Bloomberg reports that the Chinese yuan has been making inroads in the world of cross-border payments in recent years, but a pair of data points due this week will reveal whether the country’s sudden industry crackdowns have dented international trust in the currency.
The Swift and China’s foreign-exchange regulator will both announce figures this week that together paint a picture of the yuan’s role in international trade and investment. Previous data through June showed a steady increase in its use but that was before a regulatory crackdown escalated in July.
The authorities scaled up their anti-monopoly attacks against the nation’s largest technology companies, banned profits in the after-school tutoring industry, and launched a critique of online gaming.
The share of yuan payments via Swift increased to 2.46% in June, just under the peak reached in March that was the highest level since a shock devaluation in August 2015. The percentage of cross-border transactions that were conducted in the currency increased to 42.3% in the same month, close to January’s record high of 43.8%.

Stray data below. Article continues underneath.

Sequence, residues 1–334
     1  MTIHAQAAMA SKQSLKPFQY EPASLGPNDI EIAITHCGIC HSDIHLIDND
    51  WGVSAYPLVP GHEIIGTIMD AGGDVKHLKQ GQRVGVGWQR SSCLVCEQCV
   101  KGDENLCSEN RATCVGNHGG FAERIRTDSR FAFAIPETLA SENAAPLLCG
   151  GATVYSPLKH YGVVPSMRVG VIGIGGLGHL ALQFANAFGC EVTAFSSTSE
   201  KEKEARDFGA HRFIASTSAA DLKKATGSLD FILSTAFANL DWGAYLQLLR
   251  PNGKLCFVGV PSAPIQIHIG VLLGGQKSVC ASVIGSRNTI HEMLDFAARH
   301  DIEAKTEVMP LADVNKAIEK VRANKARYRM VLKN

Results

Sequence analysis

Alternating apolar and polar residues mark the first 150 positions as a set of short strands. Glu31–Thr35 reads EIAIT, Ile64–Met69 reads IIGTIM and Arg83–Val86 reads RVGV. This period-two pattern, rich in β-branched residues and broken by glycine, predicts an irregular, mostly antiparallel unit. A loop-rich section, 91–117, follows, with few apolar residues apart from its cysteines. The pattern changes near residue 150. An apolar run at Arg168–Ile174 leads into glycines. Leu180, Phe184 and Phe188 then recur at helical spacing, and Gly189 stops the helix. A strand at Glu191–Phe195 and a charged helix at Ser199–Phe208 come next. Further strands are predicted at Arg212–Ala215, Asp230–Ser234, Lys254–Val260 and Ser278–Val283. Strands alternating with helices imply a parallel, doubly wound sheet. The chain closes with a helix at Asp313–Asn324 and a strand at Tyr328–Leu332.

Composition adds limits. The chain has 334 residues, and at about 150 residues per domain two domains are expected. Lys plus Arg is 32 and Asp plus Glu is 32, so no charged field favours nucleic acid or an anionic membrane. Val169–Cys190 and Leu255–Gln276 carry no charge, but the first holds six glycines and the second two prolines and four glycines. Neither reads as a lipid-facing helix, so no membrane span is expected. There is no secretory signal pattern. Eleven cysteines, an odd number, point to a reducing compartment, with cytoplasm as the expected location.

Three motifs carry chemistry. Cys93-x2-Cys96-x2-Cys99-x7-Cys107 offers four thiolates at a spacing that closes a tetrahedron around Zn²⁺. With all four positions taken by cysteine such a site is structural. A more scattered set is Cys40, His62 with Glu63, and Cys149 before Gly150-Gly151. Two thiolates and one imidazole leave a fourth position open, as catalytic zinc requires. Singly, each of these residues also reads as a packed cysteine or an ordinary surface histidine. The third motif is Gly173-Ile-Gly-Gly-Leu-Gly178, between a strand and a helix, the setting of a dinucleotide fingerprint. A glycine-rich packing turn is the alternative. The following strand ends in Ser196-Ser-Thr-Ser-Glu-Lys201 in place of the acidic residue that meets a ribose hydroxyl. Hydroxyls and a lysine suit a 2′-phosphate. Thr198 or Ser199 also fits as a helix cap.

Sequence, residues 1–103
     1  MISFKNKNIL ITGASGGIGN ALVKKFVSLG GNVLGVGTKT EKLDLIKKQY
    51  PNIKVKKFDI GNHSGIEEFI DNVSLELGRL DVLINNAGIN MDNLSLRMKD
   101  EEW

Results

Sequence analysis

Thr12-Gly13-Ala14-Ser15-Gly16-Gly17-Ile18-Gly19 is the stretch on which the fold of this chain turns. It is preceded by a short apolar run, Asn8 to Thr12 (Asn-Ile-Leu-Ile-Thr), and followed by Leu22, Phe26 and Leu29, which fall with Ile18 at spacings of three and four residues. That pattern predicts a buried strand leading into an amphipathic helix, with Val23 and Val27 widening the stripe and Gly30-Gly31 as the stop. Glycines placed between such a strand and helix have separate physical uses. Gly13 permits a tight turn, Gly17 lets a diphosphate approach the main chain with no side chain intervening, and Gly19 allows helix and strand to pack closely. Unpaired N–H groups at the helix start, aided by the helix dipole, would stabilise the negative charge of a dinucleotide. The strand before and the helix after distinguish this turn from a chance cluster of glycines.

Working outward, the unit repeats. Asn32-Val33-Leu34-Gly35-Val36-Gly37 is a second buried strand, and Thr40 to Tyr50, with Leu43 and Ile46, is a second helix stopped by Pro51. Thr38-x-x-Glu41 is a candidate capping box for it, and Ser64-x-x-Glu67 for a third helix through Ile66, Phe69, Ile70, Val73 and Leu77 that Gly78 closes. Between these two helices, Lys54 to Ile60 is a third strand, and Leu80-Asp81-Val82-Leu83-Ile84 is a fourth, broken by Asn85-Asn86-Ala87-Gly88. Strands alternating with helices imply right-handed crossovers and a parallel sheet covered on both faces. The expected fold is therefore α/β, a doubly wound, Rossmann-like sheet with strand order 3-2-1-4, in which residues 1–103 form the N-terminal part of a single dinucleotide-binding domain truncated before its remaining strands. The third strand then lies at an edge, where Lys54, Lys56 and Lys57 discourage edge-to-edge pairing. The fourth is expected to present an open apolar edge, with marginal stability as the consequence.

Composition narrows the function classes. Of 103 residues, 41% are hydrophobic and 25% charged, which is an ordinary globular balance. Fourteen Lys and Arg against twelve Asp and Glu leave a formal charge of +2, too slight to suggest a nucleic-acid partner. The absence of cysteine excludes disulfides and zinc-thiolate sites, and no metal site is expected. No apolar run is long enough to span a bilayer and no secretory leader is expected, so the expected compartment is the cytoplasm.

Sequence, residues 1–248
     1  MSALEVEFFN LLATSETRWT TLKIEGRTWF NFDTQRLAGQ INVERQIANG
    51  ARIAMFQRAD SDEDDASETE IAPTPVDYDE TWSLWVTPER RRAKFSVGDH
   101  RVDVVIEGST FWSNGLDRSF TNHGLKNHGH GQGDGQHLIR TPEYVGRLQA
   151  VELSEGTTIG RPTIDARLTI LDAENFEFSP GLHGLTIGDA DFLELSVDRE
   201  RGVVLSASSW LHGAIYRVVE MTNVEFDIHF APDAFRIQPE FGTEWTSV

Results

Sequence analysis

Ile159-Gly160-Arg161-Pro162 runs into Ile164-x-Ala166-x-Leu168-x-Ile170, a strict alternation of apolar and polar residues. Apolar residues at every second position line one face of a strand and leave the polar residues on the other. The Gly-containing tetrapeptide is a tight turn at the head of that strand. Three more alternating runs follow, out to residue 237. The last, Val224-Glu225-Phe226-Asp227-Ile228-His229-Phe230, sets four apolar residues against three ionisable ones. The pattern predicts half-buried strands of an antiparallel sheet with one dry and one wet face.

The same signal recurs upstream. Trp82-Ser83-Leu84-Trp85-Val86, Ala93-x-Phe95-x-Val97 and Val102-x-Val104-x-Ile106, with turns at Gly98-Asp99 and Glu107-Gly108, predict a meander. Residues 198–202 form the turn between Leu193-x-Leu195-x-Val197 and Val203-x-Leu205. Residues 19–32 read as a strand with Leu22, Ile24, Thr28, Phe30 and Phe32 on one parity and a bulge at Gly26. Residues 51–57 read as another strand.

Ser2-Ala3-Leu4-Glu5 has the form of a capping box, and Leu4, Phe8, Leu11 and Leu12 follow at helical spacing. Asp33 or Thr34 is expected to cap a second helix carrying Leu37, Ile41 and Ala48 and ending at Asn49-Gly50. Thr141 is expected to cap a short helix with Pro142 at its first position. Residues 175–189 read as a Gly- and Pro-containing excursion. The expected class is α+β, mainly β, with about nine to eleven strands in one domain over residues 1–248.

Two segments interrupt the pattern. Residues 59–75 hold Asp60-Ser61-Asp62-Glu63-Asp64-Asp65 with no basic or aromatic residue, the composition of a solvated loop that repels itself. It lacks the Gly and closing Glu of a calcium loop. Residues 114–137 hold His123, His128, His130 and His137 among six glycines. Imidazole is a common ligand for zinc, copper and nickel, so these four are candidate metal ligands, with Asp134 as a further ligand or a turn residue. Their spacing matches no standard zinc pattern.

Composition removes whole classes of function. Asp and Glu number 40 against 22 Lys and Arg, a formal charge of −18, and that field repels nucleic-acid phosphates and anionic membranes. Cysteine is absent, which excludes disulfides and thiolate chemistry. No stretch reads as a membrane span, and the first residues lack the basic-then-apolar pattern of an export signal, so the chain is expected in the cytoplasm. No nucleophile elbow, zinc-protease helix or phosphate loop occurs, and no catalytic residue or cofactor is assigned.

Since the devaluation, China has since worked to revive the yuan’s popularity, urging greater use of the currency in trade and easing exchange-rate controls and intervention.
Global funds boosted holdings of Chinese government bonds to a record in July despite that month’s market turmoil, and inflows are expected to continue as some of the securities will be included in FTSE Russell’s flagship global index this October.
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